Next day, which was Sunday, we left for the opera-house — that is to say, the Wagner temple — a little after the middle of the afternoon. The great building stands all by itself, grand and lonely, on a high ground outside the town. We were warned that if we arrived after four o’clock we should be obliged to pay two dollars and a half extra by way of fine. We saved that; and it may be remarked here that this is the only opportunity that Europe offers of saving money. There was a big crowd in the grounds about the building, and the ladies’ dresses took the sun with fine effect. I do not mean to intimate that the ladies were in full dress, for that was not so. The dresses were pretty, but neither sex was in evening dress [“At the Shrine of St. Wagner”].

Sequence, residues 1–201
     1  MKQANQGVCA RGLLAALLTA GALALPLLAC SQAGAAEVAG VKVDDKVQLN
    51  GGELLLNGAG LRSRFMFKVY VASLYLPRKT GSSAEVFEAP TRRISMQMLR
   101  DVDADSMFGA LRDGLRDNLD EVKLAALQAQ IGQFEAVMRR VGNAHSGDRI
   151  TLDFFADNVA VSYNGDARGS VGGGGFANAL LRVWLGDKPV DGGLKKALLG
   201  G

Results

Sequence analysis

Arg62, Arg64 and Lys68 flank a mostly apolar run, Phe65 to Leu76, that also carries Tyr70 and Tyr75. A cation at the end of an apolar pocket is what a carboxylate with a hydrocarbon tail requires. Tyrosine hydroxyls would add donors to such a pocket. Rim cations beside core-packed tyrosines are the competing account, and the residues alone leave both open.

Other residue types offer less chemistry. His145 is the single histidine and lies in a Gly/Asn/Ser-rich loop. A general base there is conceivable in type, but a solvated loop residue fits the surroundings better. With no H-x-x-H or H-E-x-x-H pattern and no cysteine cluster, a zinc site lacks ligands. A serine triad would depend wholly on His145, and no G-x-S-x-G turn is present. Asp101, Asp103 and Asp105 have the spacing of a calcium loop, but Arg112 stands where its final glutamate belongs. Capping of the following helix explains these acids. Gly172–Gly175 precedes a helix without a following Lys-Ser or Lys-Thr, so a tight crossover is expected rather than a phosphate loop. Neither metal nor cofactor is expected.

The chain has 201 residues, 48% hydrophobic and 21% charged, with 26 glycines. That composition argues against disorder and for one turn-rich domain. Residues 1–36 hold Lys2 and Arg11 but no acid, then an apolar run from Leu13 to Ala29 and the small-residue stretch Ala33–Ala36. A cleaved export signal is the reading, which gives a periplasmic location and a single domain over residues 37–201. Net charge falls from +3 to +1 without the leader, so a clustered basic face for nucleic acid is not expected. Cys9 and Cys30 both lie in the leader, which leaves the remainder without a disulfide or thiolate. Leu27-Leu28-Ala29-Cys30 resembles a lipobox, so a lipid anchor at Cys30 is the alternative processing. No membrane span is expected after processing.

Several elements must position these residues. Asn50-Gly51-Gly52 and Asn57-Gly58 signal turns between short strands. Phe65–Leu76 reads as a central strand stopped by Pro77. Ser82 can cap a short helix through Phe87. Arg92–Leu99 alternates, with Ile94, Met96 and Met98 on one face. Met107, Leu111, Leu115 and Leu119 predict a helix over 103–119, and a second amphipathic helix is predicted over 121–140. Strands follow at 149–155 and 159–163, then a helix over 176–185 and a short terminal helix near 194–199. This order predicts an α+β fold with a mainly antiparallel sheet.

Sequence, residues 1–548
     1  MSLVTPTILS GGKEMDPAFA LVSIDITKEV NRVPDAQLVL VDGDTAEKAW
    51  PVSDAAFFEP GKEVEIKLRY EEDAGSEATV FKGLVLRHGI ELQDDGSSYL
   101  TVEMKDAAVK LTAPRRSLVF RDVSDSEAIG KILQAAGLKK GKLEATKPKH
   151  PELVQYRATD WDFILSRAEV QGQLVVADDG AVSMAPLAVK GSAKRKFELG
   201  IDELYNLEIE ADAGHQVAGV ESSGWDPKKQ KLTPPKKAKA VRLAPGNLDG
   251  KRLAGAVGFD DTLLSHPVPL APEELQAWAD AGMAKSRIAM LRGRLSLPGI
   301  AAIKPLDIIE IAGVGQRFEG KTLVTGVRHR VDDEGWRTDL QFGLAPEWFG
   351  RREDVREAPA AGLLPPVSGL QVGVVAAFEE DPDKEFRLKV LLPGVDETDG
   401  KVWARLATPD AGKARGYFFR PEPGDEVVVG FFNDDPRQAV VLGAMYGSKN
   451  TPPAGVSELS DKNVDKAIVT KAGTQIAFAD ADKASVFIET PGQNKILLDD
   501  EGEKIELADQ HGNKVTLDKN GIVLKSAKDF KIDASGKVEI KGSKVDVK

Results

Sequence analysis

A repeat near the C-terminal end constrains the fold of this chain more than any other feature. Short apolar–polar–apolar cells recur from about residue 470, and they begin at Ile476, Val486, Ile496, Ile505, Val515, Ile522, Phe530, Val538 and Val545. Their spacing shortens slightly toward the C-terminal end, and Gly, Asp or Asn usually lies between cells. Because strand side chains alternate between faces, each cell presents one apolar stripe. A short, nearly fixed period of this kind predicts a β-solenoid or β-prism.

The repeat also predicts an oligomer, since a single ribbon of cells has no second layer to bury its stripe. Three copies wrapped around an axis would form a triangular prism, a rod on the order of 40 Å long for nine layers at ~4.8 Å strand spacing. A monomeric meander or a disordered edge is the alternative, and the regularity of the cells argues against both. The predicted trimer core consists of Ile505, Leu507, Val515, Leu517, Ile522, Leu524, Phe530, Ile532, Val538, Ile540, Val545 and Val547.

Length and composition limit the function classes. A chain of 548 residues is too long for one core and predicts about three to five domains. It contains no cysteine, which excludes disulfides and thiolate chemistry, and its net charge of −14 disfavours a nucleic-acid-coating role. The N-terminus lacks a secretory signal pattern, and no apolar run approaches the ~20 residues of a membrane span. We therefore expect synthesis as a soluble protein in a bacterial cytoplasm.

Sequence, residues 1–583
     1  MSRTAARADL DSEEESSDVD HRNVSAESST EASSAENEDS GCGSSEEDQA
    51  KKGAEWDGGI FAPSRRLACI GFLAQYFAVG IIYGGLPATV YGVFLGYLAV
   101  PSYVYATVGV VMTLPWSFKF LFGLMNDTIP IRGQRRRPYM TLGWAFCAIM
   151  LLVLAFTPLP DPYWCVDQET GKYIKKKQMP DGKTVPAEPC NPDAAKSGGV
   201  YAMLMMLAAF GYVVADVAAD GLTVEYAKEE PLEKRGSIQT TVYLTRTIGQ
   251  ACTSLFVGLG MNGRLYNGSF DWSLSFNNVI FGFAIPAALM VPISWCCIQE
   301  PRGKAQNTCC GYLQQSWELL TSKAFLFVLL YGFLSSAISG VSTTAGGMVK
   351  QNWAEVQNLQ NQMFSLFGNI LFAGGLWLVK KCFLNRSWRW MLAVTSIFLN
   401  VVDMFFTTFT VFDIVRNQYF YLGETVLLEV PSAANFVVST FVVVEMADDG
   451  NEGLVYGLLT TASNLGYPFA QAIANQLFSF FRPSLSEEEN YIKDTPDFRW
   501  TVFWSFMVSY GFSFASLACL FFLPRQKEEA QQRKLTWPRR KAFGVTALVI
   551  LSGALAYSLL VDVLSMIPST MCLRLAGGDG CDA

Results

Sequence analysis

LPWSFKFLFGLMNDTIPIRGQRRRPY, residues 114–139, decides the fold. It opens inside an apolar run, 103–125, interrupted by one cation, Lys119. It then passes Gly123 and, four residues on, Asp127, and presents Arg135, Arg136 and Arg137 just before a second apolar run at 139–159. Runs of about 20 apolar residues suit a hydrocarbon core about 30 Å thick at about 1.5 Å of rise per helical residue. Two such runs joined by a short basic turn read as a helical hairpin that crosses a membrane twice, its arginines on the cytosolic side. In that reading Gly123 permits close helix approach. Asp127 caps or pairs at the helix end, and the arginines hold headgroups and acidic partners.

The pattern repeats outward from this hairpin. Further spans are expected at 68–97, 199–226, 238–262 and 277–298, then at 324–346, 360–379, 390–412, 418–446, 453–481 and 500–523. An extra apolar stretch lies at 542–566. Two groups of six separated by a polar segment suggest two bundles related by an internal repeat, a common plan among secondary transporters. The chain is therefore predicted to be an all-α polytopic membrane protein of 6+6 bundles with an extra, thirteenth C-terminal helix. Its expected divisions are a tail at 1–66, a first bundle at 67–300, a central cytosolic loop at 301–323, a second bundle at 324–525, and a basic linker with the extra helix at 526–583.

TUESDAY. — Yesterday [Aug. 3] they played the only operatic favorite I have ever had — an opera which has always driven me mad with ignorant delight whenever I have heard it — “Tannhauser.” I heard it first when I was a youth; I heard it last in the last German season in New York. I was busy yesterday and I did not intend to go, knowing I should have another “Tannhauser” opportunity in a few days; but after five o’clock I found myself free and walked out to the opera-house and arrived about the beginning of the second act. My opera ticket admitted me to the grounds in front, past the policeman and the chain, and I thought I would take a rest on a bench for an hour and two and wait for the third act.